SM: My favorite podcast is “The Read,” a comedy and pop culture podcast by Kid Fury and Crissle. I listen to “Civics 101,” I am listening to a podcast with two of the actors from “Glee.” I was a huge “Glee” fan, I converted a lot of Marines into watching “Glee.” We used to have watch parties in my room in the barracks. I love “Still Processing,” from the New York Times, with Wesley Morris and Jenna Wortham. I am a huge sports fan, so “Spinsters,” which is two women podcasting about basketball. And the greatest podcast listening experience ever had in my life was “Binge Mode, Harry Potter.” I am 34 years old, I grew up with Harry Potter. I very much do not like who JK Rowling is now. I am very sickened by the rhetoric she espouses as a TERF (trans-exclusionary radical feminist). But this podcast was the best love letter to the story and not to the woman. To lay it flat and look at it for the work of art that it is was absolutely amazing.

LS: You have a marketing and communications background.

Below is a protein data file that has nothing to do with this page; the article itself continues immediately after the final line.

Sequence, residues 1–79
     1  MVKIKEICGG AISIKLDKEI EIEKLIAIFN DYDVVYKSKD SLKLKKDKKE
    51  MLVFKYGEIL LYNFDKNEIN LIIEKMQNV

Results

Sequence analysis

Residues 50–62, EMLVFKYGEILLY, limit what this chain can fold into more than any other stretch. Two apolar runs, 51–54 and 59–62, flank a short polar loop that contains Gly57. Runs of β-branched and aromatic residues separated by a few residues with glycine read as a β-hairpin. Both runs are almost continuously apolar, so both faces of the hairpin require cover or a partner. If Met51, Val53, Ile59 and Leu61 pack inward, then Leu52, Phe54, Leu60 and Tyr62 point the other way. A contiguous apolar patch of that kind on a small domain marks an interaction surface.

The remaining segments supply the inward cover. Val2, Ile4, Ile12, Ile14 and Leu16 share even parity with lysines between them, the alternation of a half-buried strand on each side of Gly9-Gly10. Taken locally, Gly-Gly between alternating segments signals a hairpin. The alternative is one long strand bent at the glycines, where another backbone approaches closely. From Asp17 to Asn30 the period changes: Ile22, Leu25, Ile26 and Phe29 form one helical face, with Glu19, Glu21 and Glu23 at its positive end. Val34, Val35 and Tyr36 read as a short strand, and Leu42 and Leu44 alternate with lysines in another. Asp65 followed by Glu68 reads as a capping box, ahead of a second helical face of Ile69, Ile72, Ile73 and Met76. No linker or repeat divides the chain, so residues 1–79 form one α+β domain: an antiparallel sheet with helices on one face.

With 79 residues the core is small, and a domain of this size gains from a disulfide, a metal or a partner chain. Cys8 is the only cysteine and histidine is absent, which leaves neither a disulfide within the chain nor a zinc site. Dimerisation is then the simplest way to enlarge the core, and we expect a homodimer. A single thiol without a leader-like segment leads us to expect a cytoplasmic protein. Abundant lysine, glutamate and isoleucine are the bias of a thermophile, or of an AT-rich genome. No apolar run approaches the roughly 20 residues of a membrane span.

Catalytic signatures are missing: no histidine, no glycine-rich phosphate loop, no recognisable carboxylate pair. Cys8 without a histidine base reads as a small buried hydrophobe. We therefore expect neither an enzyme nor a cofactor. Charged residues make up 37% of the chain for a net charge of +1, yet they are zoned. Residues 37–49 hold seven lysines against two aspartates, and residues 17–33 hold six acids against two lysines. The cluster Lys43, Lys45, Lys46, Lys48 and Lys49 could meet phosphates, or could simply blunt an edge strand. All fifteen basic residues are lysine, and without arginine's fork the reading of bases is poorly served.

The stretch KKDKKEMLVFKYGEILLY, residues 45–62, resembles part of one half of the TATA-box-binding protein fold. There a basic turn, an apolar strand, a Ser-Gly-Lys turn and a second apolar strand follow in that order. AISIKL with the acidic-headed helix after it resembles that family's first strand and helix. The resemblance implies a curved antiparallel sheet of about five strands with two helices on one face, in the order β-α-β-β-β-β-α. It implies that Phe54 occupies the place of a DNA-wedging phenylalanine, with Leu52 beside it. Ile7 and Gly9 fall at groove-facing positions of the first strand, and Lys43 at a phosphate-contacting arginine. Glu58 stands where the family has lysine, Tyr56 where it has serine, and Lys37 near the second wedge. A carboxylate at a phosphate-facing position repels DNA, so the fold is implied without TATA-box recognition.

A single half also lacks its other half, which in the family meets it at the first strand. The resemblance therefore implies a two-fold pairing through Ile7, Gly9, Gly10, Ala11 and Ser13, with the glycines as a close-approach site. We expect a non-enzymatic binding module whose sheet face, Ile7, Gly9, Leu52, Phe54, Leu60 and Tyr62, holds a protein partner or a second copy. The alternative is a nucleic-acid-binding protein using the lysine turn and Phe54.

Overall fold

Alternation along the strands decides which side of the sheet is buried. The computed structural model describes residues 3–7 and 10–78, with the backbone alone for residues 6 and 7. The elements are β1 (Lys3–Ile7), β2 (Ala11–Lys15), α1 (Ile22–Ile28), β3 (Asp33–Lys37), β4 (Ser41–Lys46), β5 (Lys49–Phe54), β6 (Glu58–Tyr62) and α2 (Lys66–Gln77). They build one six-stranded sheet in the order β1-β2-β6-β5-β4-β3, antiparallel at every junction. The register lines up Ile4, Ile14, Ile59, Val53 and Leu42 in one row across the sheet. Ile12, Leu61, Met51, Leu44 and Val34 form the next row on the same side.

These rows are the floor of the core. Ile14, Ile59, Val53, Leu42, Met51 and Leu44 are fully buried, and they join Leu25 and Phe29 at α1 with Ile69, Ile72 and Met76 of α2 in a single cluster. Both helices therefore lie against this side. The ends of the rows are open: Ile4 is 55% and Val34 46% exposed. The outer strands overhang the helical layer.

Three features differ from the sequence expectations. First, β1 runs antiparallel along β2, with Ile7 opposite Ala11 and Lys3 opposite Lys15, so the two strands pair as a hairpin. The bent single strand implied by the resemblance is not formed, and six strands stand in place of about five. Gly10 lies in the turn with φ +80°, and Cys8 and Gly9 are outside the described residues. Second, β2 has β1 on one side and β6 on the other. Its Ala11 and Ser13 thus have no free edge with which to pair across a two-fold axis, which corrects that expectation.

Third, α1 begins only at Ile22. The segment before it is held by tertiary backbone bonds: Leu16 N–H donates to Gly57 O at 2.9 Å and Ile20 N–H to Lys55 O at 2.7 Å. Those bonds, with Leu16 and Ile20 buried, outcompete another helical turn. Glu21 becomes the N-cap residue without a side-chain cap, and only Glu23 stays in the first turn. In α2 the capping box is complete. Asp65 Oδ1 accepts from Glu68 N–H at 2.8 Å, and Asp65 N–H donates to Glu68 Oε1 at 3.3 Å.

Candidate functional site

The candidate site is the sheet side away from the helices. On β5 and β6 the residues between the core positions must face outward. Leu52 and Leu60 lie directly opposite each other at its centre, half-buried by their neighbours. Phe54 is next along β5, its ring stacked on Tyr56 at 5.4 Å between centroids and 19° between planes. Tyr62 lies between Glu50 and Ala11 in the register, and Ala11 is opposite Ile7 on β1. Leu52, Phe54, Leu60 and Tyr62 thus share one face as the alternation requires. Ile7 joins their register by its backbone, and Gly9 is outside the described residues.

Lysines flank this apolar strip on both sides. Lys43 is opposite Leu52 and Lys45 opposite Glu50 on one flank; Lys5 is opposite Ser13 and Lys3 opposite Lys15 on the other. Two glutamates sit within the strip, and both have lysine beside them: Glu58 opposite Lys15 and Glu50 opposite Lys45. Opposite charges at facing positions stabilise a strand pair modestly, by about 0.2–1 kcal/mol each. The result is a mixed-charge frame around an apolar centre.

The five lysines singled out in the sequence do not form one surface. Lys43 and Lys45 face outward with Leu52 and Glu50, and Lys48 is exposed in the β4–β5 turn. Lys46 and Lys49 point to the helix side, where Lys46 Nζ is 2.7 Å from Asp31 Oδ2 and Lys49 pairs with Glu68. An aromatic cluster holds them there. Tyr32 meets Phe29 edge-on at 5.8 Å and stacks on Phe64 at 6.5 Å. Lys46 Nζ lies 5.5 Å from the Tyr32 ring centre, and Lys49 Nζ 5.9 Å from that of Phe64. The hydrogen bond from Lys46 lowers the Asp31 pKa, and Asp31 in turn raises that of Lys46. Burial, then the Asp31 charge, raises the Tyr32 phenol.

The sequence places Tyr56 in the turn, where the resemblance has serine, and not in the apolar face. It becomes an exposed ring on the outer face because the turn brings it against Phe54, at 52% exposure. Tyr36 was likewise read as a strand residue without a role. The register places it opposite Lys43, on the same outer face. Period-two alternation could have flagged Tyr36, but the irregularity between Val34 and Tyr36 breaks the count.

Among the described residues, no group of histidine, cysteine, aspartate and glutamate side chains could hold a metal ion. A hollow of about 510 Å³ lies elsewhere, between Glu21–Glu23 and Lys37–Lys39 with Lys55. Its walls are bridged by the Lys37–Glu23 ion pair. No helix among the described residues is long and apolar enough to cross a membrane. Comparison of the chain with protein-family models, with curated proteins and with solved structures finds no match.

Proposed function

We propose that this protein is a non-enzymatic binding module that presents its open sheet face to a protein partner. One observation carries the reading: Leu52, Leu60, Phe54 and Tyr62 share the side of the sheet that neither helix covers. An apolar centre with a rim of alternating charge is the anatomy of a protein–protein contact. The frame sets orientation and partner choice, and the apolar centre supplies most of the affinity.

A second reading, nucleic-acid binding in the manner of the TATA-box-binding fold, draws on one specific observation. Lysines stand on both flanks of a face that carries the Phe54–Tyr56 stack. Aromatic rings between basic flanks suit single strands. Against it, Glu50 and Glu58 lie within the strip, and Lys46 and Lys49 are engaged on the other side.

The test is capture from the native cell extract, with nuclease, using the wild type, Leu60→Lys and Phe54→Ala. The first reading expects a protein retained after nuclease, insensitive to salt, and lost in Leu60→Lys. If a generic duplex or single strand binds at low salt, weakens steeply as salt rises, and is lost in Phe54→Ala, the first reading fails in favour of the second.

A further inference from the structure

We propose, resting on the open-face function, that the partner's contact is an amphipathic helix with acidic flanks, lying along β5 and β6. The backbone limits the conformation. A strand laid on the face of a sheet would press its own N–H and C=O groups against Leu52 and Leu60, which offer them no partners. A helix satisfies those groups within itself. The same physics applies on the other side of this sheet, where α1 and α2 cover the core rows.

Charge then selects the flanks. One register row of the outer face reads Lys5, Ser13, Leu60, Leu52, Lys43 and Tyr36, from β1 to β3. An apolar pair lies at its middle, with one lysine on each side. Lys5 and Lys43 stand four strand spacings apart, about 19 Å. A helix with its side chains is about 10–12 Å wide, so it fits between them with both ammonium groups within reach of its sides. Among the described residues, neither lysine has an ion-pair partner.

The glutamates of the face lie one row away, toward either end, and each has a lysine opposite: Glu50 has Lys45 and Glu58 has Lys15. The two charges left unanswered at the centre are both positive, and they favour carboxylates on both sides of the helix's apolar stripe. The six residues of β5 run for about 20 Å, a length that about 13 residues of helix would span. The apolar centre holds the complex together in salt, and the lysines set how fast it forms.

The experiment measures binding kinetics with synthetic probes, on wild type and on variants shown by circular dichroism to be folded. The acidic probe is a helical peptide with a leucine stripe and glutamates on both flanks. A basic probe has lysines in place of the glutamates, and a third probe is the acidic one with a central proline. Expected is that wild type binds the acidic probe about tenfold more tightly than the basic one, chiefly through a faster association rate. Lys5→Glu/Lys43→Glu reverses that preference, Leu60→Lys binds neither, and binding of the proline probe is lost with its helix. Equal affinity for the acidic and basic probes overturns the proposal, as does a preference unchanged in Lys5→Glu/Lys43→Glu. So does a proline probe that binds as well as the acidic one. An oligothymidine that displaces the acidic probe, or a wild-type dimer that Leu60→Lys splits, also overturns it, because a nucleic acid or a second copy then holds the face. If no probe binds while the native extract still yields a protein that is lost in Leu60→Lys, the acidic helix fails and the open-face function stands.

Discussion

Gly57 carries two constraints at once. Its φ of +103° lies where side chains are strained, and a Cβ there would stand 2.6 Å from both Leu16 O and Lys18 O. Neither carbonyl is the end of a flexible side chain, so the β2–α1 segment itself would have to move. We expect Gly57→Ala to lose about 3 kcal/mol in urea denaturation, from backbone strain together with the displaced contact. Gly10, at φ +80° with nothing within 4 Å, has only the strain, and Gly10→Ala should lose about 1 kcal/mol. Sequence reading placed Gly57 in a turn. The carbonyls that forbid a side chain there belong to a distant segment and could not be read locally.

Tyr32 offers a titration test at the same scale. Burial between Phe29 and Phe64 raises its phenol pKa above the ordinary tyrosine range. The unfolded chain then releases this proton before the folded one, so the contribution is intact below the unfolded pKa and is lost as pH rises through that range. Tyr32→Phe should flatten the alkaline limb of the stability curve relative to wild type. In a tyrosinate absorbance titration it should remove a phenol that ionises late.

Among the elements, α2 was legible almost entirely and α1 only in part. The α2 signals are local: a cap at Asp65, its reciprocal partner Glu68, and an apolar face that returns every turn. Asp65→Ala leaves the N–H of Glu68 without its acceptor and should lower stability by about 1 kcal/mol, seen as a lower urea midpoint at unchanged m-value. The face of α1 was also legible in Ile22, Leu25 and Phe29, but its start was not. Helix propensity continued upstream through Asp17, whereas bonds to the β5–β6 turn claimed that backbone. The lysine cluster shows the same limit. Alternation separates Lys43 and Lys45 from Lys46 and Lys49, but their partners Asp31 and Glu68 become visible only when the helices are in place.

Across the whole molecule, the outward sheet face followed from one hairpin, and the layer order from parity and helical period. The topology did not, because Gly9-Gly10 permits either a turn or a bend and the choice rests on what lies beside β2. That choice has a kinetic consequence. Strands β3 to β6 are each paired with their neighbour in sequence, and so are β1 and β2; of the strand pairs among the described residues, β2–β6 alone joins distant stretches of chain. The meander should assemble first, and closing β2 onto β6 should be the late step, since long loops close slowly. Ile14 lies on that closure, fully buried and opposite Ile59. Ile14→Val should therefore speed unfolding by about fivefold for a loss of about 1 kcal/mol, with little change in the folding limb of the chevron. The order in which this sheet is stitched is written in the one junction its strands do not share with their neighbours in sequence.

SM: Yeah, I went to school for that.

Renee Poussaint was my hero when I was a kid. I wanted to be a journalist when I was younger. I fell in love with story and narrative. It’s why I enjoy podcasts and I love movies and I love music.

LS: Movie suggestions?

SM: My movie of the year is “Everything, Everywhere All at Once.” It’s a story about family. At the core of it, it’s a story about a mother and a daughter. And how even through the nihilism, through that meaninglessness, I would much rather be able to go through all this meaninglessness – mortgages and life and laundry — with you. Because you’re my person. And I’m a mess and you’re a mess, but we’re a mess together. It really moved me. I went to go see it with a friend and we were in the theatre by ourselves, sitting there sobbing — and then laughing right after we got done crying, and then crying again and then laughing again. It’s gonna wreck you. Get your tissues.

LS: Anything else you would want to mention that I didn’t ask?

SM: I think I covered the ups and downs that are me. There’s a lot of peaks and valleys and colorful mountains and rivers that make up my world.